Posts Tagged ‘creativity’

Need Some Inspiration?

Tuesday, May 29th, 2012

I watched this today while eating cheese and baguettes and suddenly felt a lot better about doing what I am trying to do. Cheers, Neil.

Searching for Inspiration

Friday, January 13th, 2012

With all of the unknowns currently looming in my life, I have been feeling a bit flat and pointless lately. So to counteract this, I have been trying to find inspiration in other people who have been there/done that or who are undertaking creative developments that are of a similar nature to what I would like to be doing. This morning I stumbled across a guy called Noah Scalin who has developed a website called Make Something 365, which encourages you to do something creative every day. He has showcased lots of people who have decided to make or do something every day of the year in order to develop and explore their creativity. I am keen to get involved and to take on my own 365 day project – I just need to work out what it is. I am also a bit hesitant to start before I leave Paris, although really this shouldn’t hinder my ability to create. I need a project that I can do anywhere in the world. While my first thoughts are to do some writing, it isn’t what really excites me. I want something that requires me to use my hands and that will physically produce something. Perhaps 365 sock creatures? It’s tricky to always have a sewing machine around. Maybe the daily requirement shouldn’t be so important but by the end of the year I need to have 365 things. I guess 366 this year considering we get an extra day. Any suggestions are welcome.

Maths and Mouse Brains Equal Sunday Fun

Monday, November 7th, 2011

What a great day! I woke up fairly late this morning due to a long and very enjoyable evening entertaining our friends, Sonia and Guibril, last night. After breakfast, I met up with some other friends, Becky and Vivien, and we headed off to the Fondation Cartier – a gallery space owned by the Cartier corporation which houses some very interesting exhibitions. The current exhibition is an exploration of mathematics, and presents an interesting mix of maths and arts in a single space. It is the first Sunday of the month, meaning most galleries in Paris are open for free. Not this one it seems. No matter – we paid our entrance fees and went in.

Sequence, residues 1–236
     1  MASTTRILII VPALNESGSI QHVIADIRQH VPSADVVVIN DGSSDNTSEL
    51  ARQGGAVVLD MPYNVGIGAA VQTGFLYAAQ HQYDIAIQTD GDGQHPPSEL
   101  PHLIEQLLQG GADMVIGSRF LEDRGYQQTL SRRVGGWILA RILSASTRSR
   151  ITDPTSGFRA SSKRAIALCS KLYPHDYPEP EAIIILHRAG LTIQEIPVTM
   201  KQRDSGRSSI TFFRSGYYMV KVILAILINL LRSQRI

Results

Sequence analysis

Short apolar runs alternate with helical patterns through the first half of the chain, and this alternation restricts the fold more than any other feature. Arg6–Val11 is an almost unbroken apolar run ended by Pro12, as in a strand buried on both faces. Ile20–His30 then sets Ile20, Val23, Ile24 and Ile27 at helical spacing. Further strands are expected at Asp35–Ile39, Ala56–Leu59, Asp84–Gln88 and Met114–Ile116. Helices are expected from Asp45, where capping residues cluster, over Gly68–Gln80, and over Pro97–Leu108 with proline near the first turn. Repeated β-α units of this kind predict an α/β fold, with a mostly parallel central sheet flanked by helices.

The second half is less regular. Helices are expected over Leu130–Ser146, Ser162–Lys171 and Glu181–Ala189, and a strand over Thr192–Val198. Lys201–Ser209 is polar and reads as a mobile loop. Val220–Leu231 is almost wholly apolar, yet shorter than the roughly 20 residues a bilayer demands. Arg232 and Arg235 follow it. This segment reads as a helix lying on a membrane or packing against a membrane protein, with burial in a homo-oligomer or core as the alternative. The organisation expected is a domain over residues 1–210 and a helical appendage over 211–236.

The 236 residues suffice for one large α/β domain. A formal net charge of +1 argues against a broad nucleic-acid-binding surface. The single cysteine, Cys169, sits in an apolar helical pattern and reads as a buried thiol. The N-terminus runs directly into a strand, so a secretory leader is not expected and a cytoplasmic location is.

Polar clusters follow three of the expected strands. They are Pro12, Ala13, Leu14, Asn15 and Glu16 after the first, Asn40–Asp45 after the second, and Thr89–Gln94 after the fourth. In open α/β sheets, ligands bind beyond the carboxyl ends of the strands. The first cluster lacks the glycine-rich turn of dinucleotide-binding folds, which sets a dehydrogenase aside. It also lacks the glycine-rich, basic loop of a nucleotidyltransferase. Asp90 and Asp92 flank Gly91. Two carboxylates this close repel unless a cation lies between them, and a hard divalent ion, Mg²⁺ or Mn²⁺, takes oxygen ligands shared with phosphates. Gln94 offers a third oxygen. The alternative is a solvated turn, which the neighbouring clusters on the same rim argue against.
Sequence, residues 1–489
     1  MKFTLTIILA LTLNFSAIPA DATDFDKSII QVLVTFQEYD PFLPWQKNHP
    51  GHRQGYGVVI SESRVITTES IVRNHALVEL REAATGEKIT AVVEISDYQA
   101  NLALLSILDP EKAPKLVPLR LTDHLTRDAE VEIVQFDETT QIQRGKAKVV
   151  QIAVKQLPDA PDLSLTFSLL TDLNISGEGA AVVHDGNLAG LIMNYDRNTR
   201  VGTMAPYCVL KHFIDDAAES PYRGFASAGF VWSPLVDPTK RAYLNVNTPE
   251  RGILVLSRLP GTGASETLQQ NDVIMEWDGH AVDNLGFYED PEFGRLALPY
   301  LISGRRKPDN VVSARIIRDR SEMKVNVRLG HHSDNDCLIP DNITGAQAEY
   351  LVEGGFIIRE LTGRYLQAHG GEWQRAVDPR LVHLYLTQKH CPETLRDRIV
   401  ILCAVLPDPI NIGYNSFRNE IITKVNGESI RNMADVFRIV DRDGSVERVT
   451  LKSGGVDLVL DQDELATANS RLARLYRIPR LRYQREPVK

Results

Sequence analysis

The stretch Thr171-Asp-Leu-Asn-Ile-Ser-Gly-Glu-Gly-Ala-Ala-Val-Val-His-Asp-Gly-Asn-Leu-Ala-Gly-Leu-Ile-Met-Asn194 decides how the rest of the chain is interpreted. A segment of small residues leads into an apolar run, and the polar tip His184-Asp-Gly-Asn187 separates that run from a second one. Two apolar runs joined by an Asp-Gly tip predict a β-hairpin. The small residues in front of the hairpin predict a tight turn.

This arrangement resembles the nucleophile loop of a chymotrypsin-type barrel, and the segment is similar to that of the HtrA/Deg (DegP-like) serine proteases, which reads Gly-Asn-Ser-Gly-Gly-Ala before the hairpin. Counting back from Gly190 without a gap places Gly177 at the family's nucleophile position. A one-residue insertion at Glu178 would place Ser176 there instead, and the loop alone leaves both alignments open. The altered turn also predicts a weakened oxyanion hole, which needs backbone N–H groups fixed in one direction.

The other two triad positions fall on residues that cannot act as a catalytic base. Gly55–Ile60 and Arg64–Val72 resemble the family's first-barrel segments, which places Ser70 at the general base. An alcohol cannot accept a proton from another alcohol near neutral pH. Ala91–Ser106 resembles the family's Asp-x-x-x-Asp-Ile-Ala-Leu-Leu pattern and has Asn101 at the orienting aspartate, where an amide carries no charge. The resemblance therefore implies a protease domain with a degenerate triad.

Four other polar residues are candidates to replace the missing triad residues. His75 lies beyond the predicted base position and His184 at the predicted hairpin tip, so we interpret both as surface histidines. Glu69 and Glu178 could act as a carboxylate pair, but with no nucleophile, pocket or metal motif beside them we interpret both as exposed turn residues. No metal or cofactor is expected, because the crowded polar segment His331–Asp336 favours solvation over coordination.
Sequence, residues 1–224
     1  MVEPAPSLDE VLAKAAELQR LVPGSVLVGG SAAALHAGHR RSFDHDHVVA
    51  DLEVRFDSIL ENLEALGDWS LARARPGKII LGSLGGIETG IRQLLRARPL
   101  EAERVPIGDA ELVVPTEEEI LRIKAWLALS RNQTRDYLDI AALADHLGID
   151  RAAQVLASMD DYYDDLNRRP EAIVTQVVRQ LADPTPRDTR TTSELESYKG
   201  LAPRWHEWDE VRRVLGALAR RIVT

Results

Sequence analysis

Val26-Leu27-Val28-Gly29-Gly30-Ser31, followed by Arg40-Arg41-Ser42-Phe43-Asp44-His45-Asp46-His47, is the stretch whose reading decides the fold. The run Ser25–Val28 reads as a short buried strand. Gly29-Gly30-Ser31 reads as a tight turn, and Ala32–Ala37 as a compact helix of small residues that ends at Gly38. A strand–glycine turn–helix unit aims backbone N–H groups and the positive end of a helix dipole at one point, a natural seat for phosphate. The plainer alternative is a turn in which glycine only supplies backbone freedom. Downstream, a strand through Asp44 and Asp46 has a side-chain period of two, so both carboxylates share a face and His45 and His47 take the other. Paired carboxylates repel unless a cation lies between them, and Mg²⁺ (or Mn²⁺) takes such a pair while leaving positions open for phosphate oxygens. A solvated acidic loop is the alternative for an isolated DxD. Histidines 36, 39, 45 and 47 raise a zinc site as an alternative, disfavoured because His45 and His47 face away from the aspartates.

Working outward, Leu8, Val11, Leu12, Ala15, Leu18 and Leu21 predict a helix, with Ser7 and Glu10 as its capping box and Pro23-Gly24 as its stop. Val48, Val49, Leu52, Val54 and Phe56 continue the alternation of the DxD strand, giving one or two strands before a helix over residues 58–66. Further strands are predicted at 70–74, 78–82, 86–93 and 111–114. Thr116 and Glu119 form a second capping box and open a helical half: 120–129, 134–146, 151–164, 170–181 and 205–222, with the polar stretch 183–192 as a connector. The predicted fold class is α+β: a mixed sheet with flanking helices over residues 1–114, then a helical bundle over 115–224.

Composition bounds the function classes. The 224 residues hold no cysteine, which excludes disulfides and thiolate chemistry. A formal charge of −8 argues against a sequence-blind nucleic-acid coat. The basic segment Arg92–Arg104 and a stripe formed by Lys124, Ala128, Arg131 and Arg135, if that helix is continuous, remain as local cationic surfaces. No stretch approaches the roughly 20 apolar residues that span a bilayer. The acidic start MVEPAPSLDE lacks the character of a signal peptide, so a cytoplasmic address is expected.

Fondation Cartier

The Fondation Cartier is in a really nice glass building surrounded by a very pretty garden

The exhibition consisted of seven or so large exhibits, usually requiring you to stand and watch for a fair length of time. The exhibits explored various concepts around mathematics and included robots that are able to learn; a large sphere that had images of mathematical problems projected on it; and descriptions of the mathematics involved in the Hadron Collider. For most of these, I stood back and watched the pretty pictures and said, “WOW!” a lot as completely foreign concepts were thrown at me. I have never been a particularly maths and science person, however I have always wished I was, purely for the stability and ‘factual’ nature of it all. Cultural theory is far too open ended and ‘there is no answer’-ish.